Oregon State professor of medical anthropology and reproductive health Melissa Cheyney recently wrote an op-ed piece on the great divide between how home births and hospital births are perceived in the U.S.
It’s clearly a hot-button issue, because her op-ed got picked up by the Huffington Post blog, and is generating hundreds of comments by readers.
Cheyney wrote the piece in response to a new analysis by Dr. Joseph Wax comparing home births and hospital births, which was published in the recent issue of the American Journal of Obstetrics and Gynecology. Cheyney says that Wax’s conclusions are misleading, and also drive a wedge between two groups that cannot afford a greater divide: medical doctors and midwives.
Cheyney for years has studied and written about the mechanisms that perpetuate the “home/hospital divide.” Her work has led her to support an “integrated medicine” approach to birth that recognizes the benefits of weaving together traditional birthing practices and newer biomedical techniques. It’s an approach drawn from deep familiarity: Her research includes the wide-ranging Oregon Midwives Study, a key part of a larger, nationwide prospective project that is examining 100 variables for each birth and that will have a sample size of nearly 20,000 deliveries by the end of its current data collection cycle.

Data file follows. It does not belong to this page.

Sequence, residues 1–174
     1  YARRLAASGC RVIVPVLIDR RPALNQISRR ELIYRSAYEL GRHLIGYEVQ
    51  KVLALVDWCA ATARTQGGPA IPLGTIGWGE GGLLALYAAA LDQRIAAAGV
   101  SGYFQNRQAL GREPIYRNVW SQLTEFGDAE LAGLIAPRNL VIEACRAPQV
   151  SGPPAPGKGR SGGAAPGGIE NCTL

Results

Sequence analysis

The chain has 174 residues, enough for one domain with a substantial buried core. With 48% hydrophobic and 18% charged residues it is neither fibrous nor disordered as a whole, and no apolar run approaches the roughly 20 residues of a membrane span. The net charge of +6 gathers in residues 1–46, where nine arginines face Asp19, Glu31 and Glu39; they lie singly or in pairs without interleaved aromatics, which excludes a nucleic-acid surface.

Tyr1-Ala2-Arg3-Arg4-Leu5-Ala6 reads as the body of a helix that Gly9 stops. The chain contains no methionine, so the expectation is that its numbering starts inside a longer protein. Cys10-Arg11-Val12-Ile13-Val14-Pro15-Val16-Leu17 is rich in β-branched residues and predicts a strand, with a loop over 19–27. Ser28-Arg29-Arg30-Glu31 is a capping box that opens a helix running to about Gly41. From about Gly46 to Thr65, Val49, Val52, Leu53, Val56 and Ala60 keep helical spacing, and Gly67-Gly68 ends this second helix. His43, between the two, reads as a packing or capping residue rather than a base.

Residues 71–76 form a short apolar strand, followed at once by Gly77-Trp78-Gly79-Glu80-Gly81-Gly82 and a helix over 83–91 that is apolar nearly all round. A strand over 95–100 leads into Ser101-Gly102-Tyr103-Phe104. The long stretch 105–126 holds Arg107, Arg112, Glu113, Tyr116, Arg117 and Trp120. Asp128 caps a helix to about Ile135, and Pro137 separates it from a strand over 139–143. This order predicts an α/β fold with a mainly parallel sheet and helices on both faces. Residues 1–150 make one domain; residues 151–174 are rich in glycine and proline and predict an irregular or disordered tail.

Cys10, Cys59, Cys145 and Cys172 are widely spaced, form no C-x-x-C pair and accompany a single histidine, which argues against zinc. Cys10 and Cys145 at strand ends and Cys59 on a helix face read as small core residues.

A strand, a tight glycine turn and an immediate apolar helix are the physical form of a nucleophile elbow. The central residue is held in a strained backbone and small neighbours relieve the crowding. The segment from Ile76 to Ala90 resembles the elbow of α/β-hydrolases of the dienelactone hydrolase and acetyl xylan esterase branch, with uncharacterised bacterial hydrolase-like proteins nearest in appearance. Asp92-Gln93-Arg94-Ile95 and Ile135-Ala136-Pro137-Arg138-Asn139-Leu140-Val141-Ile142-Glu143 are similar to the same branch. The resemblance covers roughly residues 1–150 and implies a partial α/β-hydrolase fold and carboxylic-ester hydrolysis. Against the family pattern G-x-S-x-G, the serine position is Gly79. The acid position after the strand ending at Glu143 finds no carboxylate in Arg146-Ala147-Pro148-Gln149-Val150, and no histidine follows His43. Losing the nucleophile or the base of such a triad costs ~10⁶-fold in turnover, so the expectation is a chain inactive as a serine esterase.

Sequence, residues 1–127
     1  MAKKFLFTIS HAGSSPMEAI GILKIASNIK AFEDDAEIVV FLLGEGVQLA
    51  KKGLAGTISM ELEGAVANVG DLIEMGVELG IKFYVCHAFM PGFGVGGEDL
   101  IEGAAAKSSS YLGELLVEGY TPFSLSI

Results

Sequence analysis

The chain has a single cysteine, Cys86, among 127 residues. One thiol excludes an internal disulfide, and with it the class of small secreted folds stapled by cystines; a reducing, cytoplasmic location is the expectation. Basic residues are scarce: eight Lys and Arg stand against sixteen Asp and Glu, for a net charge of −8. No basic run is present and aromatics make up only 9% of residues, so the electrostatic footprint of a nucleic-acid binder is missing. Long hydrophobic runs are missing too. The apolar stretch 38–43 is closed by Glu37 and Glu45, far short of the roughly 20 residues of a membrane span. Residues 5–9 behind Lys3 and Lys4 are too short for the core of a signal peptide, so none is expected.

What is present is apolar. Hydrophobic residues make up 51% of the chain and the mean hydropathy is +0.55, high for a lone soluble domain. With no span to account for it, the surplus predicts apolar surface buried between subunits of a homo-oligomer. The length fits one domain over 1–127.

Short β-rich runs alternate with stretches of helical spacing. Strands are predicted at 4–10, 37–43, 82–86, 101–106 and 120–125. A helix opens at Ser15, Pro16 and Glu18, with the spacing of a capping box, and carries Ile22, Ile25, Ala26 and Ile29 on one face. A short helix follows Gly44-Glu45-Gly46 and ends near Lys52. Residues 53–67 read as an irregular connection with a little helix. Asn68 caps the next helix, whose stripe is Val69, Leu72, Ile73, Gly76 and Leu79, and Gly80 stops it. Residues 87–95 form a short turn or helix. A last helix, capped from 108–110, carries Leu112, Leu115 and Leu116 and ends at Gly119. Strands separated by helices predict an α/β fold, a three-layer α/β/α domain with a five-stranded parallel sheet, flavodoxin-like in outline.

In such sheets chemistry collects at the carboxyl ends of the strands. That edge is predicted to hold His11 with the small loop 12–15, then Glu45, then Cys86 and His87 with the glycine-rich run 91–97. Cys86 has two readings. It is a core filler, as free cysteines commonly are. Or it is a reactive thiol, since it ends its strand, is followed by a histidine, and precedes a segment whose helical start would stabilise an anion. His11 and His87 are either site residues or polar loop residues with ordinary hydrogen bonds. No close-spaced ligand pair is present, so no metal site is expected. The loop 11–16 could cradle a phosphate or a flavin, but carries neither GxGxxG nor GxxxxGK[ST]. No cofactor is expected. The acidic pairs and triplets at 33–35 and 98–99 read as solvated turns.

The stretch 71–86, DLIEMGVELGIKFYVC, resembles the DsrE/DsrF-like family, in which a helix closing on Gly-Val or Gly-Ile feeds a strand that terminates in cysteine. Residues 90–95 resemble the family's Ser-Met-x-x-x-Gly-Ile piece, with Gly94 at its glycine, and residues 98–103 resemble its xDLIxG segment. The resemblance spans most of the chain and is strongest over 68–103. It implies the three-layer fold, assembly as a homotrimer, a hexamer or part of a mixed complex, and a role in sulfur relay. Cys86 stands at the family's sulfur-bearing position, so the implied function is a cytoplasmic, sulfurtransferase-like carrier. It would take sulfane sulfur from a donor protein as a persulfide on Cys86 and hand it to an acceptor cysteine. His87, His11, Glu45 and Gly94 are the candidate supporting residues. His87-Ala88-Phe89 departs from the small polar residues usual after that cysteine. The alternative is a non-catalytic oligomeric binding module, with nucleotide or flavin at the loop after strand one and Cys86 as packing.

“The power of socialization and the dominance of biomedicine have kept us from systematically examining a variety of birthing environments and providers as viable alternatives to the expensive and interventive hospital delivery that has become the norm in the U.S.,” she wrote.